Othering Blackness in Design: Reflections with Walter Hood | Characteristics

Walter Hood. Credit: Hood Design Studio

Mr. Hood wouldn’t let his son go to art school, so he had to figure out the best thing to do. Going through the rest of the list of academic specialties – accounting, advertising, agriculture, etc. But then, an accidental discovery halfway through high school helped make that vision a little less blurry. One day, while walking through the halls, Walter stumbled upon a very strange group of people in a classroom. They were all standing in front of boards, dressed in all-white capes, writing meticulously with T-squares in one hand and graphite in the other.

The strangeness of this activity, but also the familiarity of the act of drawing, attracted him and led Walter to engage in this drawing course for 2 years. At the same time, observing the Brady Bunch at home, observing Mike Brady’s sketches and blueprints, he discovered that buildings must first emerge from a designer’s mind through drawing. This resulted in the creation of a ¼ scale model of a house in its final year. This was hand-wired with circuits for lighting and transported like precious cargo through the daily dangers of a high school bus and hallway, before being introduced to this once-odd group of cartoonists to whom Walter belonged now. He had found the next best thing, and that was architecture.

Shortly after Walter checked architecture on his college application, he attended North Carolina A&T State University. But at the same time those feelings of uncertainty, feelings that have always been there to a lesser degree, began to build up in him that wherever he was he just didn’t fit in. , and while working, Walter always felt that something was always missing from these experiences. In order to remedy this, he decides to return to school and continue his education by pursuing a master’s degree at Berkeley.

However, before heading west, he traveled to New York. The cabinets in Philip Johnson’s 1984 Chippendale Building had just interrupted an expanse of glass and steel, casting a new shadow over the Manhattan landscape. Below and between the graffiti-speckled trains that crisscrossed the city, Walter drew all of these new towers in his sketchbook. Soon the spirit of the time enveloped him in the desire to build skyscrapers himself, creating a vision of the future that supported his trip across the country to California.

Walter in his studio. Image courtesy of Hood Design Studio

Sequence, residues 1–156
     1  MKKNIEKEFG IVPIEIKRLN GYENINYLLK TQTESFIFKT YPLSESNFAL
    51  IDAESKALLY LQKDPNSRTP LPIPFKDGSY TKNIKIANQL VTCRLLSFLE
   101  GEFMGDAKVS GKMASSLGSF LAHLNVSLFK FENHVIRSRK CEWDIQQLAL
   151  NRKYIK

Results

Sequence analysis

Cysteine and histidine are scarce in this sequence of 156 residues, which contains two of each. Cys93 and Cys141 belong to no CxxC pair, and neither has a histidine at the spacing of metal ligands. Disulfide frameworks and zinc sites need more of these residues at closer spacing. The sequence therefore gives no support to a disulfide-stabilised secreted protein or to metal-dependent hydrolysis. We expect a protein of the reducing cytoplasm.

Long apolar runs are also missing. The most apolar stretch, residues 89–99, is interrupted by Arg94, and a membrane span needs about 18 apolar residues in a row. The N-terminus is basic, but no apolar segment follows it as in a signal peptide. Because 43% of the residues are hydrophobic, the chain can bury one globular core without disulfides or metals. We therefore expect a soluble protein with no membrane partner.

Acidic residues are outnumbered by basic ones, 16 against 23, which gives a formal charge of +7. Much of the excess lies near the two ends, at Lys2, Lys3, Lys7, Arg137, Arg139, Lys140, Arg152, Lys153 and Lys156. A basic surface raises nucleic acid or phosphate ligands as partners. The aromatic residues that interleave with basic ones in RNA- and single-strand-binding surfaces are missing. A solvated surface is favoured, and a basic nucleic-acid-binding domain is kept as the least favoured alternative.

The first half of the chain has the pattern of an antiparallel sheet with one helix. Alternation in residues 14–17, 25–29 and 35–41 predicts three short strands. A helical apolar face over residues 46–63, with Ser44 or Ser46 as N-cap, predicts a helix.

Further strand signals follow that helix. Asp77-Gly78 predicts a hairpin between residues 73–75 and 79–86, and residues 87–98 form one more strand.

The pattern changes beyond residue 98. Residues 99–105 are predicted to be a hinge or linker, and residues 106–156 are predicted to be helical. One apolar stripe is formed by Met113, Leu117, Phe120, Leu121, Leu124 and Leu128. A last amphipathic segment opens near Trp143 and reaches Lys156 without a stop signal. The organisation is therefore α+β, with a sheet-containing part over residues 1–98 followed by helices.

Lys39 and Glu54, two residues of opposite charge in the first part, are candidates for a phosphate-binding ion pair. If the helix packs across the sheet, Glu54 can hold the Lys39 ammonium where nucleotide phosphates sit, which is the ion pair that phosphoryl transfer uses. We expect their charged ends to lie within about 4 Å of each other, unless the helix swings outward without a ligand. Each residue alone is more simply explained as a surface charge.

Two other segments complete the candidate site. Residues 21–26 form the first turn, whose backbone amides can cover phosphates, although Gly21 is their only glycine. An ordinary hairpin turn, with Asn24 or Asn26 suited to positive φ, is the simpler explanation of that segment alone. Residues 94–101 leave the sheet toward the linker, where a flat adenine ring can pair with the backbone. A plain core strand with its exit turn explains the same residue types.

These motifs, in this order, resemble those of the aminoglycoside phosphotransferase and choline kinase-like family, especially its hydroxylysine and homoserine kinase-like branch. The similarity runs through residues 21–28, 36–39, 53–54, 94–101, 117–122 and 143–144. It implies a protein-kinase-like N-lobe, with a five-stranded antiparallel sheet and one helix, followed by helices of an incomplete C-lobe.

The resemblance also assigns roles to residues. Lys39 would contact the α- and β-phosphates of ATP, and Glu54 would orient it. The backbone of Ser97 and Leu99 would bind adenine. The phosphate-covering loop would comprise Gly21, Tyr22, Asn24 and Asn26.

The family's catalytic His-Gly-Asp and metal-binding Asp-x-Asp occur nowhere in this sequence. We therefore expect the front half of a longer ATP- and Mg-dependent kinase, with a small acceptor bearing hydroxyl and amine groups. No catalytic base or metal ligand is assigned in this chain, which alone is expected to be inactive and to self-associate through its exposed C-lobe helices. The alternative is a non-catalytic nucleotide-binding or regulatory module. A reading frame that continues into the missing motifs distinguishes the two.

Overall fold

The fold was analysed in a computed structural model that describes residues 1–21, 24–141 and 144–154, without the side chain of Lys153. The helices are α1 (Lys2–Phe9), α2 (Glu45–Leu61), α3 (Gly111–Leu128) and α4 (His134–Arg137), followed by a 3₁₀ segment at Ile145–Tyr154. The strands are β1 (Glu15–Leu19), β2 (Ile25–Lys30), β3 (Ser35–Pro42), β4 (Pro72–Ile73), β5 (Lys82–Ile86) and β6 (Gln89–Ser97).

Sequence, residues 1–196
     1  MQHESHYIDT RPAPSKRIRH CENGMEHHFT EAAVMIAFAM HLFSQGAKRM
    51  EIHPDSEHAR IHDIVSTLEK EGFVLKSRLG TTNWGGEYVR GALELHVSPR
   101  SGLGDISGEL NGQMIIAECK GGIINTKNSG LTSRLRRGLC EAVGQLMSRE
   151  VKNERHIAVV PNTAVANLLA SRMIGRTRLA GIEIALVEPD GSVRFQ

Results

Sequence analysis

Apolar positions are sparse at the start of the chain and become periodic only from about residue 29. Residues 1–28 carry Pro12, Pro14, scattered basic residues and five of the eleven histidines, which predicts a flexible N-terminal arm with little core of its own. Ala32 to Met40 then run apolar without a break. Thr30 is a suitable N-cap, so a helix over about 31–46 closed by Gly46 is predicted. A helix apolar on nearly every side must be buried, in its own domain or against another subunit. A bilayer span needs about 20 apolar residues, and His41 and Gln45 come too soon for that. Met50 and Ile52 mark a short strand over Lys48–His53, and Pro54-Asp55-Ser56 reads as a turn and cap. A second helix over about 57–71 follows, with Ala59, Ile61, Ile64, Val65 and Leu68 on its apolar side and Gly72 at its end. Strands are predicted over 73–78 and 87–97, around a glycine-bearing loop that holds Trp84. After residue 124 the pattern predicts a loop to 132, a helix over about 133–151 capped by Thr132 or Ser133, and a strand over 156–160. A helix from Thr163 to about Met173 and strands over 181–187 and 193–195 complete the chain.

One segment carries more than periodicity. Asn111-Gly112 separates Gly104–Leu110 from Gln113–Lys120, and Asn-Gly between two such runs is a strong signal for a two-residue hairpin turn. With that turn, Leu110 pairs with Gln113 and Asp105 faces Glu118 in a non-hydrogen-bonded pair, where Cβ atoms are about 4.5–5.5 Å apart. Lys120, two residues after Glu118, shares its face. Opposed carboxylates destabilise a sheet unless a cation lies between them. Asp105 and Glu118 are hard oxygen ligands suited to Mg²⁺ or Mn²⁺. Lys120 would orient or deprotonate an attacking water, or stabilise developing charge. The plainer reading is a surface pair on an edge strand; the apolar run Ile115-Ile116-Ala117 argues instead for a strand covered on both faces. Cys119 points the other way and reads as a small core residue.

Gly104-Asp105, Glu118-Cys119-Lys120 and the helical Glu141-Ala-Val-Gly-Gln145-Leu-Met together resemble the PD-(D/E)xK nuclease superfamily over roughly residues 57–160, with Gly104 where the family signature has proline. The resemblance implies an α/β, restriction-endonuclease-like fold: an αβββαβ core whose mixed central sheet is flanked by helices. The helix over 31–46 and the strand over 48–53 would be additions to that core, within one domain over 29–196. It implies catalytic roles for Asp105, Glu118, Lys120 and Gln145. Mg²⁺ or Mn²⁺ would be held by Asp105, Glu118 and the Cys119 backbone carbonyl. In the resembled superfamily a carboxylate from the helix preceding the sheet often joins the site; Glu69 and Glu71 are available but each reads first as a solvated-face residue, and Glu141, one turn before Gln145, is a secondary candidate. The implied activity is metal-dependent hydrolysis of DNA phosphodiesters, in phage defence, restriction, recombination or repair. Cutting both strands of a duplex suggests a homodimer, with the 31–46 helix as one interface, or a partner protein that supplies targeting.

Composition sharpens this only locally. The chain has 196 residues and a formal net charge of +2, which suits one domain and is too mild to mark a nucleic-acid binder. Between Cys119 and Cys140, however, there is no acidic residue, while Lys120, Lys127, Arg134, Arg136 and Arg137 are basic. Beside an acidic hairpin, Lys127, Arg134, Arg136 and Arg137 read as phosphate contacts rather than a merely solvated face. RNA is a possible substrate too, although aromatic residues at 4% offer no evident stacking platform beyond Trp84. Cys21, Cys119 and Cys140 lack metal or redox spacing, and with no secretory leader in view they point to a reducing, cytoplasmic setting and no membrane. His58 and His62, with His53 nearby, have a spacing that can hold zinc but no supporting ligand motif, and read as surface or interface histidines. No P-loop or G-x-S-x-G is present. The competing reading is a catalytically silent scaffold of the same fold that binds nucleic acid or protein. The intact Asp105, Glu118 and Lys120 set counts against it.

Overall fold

Upon arriving in Berkeley, Walter entered the concrete confines of the architectural building, Wurster Hall, with his then-girlfriend. When he saw the students’ drawings, remnants of old and new models pinned above him in the studio, a familiar but creeping sense of uncertainty began to develop within him. Bubbling, he turned to his girlfriend and confessed: “I am doomed.” She looked back sympathetically and tried to offer some reassurance saying, “No no, it’s going to be okay.” “No, I’m going to be doomed, I can’t do that,” he replied as all of those worries about the future and feelings of not fitting in rushed in at the same time.

Once school started it was exciting to research, design and learn the theory, but these underlying uncertainties remained. It wasn’t until a half-joke, half-critic professor remarked “You know you just want to do it all,” did Walter define for himself who he was and what he wanted to pursue.

Thinking about it almost 30 years later, he remembers how it helped him define his interest in the multiple dimensions of design and art. “Because the most boring thing is to say ‘This is architecture, and this is landscape’ before you even get to dialogue with the space and the environment. So that was the most important thing. for me, continually breaking out of these different cultural contexts and going into something completely blind … that has been probably the most exciting and scary part of my career because I have taken risks in different places and [never] knew how things were going to be resolved. ”

Why am I African American, why can’t I just be American? And if I’m American, as a designer part of this design is imbued with my darkness. However, instead, I must be [labeled] a black architect.

After graduating from Berkley, Walter opened a practice in nearby Oakland in 1992 and went on to become professor of landscape architecture and chair of the department for a time. And although he remembers that “I always wanted to make skyscrapers. It was the only thing in my brain that I never did”, in the spring of 2021, Walter’s towers are now rising. at MoMa for the exhibition Reconstructions: architecture and darkness in America.

Walter’s project titled “Black Towers / Black Power” is a collage of models, videos and prints that feature a design for a one-mile stretch of San Pablo Avenue in Oakland, 10 towers that each reflect ten points from the program developed by Huey P. Newton and Bobby Seale for the Black Panthers in 1966.